September 21, 2017

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Swift Playgrounds: Not Just Another Coding App |SLJ Review

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Are your students budding coders? Do they want to create and design apps? Apple has released a sophisticated app for students serious about programming.

Swift Playgrounds, a free iPad app (iOS 10) that teaches Apple’s programming language Swift, was among the major announcements at Apple’s Worldwide Developers Conference (WWDC) in June 2016. Released in mid-September, Swift Playgrounds is a robust app offering hours of programming lessons.


Swift Playgrounds consists of two modules that teach functions, loops, variables, parameters, arrays, and more. Each module has game-like lessons that build in complexity as each level is completed. In addition to the modules, there are additional challenges that allow users to test their newly-honed coding skills. Templates also provide a space for users to design their own games, virtual worlds, and programs.


The second module, Beyond the Basics, introduces students to variables, parameters, and arrays. This is how Swift Playgrounds sets itself apart from other coding apps, by teaching in-depth skills. The Beyond the Basics module teaches concepts that students would likely learn in a high school computer science course. By the end of this module, students are ready to build their own virtual worlds and apps using Swift.

To make this app more accessible to kids and beginners, there are a few improvements that could be made in how debugging is taught. Highlighting the code as it runs would help users more easily identify and correct mistakes, as well as see how each string of commands works. More tips for correcting errors in code would also be useful. As it is, when code doesn’t work, there might be a hint why, but there are few resources for troubleshooting. While this reflects real-world problems a programmer might face, as an app aimed at non-programmers, more hints and tips would be valuable to the learning process.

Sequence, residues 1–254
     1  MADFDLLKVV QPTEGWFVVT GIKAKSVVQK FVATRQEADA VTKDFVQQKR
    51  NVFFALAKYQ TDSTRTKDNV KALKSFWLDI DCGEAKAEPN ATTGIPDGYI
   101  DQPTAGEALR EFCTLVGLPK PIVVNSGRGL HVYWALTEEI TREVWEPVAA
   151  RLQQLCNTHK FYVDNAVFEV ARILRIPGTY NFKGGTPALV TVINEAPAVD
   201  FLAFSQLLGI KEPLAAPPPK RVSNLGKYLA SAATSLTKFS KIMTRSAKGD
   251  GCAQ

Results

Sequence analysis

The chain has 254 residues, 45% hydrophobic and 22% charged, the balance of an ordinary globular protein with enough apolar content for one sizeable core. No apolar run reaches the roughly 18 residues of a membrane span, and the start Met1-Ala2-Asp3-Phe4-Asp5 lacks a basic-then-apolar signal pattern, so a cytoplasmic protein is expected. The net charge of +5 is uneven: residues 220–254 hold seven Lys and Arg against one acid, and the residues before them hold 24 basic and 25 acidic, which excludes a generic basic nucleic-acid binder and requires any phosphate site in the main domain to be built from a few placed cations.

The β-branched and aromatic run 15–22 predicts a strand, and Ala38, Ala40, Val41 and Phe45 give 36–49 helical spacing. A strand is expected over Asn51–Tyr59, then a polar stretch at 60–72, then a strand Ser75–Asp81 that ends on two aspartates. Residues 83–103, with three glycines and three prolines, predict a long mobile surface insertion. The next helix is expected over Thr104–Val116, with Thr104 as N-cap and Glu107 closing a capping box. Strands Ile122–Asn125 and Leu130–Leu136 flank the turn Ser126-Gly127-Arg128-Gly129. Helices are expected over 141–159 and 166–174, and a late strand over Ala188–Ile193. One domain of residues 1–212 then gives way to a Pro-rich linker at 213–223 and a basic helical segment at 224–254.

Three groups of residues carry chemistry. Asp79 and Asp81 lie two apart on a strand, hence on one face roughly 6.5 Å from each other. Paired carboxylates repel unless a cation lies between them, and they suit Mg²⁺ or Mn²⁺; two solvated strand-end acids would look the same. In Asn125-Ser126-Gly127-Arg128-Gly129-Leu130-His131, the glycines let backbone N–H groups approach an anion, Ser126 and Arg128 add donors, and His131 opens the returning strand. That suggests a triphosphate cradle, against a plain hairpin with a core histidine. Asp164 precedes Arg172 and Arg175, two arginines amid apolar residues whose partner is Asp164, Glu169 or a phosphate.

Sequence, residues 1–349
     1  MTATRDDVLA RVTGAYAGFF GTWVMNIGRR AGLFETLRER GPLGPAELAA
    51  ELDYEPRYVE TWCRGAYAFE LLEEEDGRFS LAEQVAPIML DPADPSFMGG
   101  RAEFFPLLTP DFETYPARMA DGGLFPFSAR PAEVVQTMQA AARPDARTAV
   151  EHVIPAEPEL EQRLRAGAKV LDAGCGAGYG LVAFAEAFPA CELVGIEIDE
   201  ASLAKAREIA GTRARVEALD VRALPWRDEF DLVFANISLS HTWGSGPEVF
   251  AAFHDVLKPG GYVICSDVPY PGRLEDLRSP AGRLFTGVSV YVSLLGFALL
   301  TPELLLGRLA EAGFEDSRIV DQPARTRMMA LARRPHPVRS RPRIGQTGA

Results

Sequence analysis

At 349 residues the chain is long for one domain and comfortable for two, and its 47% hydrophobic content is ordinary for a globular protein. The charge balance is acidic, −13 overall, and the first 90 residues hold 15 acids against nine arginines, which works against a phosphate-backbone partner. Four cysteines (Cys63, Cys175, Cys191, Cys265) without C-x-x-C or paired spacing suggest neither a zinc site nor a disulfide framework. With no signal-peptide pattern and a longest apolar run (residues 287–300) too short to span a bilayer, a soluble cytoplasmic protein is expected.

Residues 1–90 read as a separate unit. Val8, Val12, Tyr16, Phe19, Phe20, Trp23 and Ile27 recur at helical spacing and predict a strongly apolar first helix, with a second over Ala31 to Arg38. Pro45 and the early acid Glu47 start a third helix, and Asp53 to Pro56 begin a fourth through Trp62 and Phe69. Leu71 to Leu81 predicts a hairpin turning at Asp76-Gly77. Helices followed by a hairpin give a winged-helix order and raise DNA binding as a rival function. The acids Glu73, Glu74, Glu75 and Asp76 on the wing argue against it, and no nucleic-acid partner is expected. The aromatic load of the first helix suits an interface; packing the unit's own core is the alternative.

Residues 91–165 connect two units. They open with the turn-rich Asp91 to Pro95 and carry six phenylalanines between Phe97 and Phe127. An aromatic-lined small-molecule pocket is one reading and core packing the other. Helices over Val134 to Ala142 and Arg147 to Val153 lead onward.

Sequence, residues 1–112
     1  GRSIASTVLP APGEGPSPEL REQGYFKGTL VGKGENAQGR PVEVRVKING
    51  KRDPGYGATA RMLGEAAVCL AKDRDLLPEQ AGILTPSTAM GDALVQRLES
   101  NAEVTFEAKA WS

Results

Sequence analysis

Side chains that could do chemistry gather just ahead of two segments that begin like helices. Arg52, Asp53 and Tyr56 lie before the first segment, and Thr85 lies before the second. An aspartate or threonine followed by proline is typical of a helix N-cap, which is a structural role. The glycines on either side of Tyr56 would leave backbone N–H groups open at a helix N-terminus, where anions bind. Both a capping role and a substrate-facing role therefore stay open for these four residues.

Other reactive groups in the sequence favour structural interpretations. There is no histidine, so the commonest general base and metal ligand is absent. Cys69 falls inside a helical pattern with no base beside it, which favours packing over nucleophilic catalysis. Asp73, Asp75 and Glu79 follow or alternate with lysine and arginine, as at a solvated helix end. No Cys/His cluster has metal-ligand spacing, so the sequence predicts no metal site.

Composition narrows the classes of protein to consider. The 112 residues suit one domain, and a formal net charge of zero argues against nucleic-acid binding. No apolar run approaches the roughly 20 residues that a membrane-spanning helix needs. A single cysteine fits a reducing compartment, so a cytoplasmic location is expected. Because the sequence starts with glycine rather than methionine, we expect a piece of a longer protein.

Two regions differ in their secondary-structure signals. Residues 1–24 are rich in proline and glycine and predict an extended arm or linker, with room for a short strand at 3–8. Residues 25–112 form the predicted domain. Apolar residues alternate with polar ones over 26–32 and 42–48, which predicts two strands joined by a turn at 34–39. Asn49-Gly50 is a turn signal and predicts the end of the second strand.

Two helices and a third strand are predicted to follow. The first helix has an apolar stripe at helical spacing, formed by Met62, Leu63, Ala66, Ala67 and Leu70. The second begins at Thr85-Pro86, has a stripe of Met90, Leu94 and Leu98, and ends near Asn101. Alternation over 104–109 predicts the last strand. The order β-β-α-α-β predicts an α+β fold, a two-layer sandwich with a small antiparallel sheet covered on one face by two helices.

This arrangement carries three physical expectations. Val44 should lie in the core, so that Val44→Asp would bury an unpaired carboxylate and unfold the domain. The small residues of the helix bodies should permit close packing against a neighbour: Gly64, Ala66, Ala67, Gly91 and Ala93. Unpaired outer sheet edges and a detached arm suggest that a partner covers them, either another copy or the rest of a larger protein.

1610swift-playgrounds-scoreSwift Playgrounds is a solid app for students interested in programming.Think of this more as an online course rather than a game. For example, I jumped ahead to the Beyond the Basics module and tried working on the variables lessons. Big mistake. I had skipped the lessons on conditional statements and tried several iterations of my code before realizing I needed to use an “if” statement. The sequence of lessons is purposeful on Apple’s part in order to develop the necessary foundation for more complicated skills.

Best for middle and high school students (as well as adults), the instructions need to be read carefully, and users need patience and determination to complete challenging tasks. Throughout the app’s lessons, students are learning key computational thinking skills, not just how to code. They are recognizing patterns, practicing decomposition, and writing algorithms, valuable to developing critical thinking and problem solving skills while also learning the Swift programming language.


Jennifer Hanson is director of library services at Worcester Academy in Massachusetts.

About Jennifer Hanson

Jennifer Hanson is director of library services at Worcester Academy in Massachusetts.

Empower Your Community with Coding
Launch a coding program in your library that will promote digital literacy and impact your community. You’ll learn how to run computer programming courses that will introduce your patrons to new career paths and technologies. We’ll explore all facets of building coding programming for your library such as making your case for funding, hosting Code Clubs and Hackathons, and curating free resources and technologies available online.


  1. Brilliant! It’s fascinating to witness all the ways education is changing and adapting to meet the demands of the ever-growing tech market.

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